"Here we stop...and I acknowledge to myself the one hard fact that, despite my nature, it has taken me so long to face. There is no request Rupert could make of me that I would refuse. Whatever the pledge between me and God, this is the truth."

As a counterpoint to Nell's story, we get Rupert's own, told from his perspective in alternating sequences. Here it is revealed how much of his outer persona is a sham. He is terribly unsure of himself, sexually inexperienced, not confident of himself as a lover or a writer. He longs for peace, time to think and be alone with his thoughts, though he is constantly and almost randomly infatuated with different people:

"...There are only two ways of approaching relationships. One is only to allow love on the supposition that it may lead to marriage-the other is- the wandering way.
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1 Comment 11 of 11 people found this helpful. Was this review helpful to you? Yes No Sending feedback...
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Format: Paperback
Rupert Brooke arrives in Grantchester, England where he runs the gamut of relationships. He is attracted to a reticent schoolgirl, but flirts outrageously with any female he meets. A male friend seduces Rupert into his first sexual encounter.

In 1909 prim and proper housemaid Nell Golightly has watched Rupert's carouse and thinks he is shameless. Since her parents died, she vowed to never fall in love as that hurts the survivor. However, Nell falls into swooning lust when she runs into Rupert as he goes for a skinny dip swim. They begin a tryst, but he turns increasingly morose as his myriad of affairs leave him without solace at a time he grieves the death of his brother and doubts his poetry writing skills. Instead of turning to Nell, he rejects her for a Tahitian.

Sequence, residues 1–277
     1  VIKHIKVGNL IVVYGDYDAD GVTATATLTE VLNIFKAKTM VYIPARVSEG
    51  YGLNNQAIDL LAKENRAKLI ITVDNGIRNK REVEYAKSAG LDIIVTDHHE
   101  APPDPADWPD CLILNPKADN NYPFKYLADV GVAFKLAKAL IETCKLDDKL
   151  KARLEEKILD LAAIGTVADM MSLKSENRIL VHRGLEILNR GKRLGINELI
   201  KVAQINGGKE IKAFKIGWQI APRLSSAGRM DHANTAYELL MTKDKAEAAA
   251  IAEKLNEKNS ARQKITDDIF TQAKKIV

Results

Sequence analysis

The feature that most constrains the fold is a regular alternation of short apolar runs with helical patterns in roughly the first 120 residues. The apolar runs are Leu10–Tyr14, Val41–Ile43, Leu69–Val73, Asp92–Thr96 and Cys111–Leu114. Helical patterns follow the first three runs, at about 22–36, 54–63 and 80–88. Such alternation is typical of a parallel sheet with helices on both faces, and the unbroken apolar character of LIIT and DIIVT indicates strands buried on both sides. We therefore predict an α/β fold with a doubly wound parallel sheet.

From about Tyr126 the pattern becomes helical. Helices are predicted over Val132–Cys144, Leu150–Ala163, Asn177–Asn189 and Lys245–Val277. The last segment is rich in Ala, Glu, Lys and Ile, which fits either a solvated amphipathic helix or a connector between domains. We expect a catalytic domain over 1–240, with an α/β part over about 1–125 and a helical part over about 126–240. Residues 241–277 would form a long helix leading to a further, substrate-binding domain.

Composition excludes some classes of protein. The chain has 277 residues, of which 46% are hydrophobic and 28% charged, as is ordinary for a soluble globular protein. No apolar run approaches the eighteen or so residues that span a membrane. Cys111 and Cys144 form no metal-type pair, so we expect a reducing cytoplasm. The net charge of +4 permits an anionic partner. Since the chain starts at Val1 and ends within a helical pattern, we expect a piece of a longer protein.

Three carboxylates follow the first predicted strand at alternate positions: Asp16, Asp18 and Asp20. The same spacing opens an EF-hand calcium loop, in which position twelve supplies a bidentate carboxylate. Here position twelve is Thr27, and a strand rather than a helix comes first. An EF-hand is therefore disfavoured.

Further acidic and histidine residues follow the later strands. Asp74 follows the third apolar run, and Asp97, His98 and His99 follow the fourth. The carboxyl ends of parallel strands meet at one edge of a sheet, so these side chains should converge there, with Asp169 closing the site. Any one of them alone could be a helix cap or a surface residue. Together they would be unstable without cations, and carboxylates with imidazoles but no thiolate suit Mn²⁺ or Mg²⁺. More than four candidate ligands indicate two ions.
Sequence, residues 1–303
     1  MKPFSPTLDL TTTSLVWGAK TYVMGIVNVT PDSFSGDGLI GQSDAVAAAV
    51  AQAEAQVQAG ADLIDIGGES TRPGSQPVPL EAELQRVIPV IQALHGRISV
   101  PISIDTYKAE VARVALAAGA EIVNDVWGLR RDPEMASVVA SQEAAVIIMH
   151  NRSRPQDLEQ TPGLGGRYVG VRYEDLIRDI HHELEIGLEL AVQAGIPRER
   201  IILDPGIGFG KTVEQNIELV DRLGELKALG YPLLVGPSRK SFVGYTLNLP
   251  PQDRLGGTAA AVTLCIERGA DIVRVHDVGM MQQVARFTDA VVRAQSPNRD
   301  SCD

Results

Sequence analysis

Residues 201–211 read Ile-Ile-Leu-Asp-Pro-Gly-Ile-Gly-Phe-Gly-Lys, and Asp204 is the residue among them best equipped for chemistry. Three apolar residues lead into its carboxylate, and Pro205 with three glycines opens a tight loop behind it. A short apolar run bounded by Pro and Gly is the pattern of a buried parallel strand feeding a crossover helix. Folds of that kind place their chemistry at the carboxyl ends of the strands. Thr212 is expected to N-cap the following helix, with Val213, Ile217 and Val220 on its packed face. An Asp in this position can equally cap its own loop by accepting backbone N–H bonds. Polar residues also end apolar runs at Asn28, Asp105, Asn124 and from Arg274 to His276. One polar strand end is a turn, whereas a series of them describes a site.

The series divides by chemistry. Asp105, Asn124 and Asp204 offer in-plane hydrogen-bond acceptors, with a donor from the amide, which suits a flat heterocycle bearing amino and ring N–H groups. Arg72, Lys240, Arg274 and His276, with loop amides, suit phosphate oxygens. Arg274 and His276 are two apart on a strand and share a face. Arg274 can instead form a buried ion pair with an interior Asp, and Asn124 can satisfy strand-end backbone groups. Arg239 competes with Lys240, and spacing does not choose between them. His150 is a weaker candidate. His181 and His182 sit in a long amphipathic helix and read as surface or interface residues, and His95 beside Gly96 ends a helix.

Nell makes this deep biographical fiction of the Pre WW I era British poet Rupert Brooke come alive as she tells the tale of a talented young man who confused making love with being in love while ironically he sought love everywhere he went. Although he is The Great Lover, in Nell's mind her Rupert also lacked confidence in sustaining and receiving love and his talent as a poet. Jill Dawson provides a powerful perceptive portrait of a man questing for love.

Harriet Klausner
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I have read many biographies about Rupert Brooke but this is the first time he has to come to life for me. She has given him flesh and blood. He no longer seems a distant, unreal poet of a past long gone. Good for her.
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Quite a bit of very sexual content - which made sense in the context of the story, but far, far too graphic for my taste. It's the story of Rupert Brooke - but it didn't need the lurid descriptions.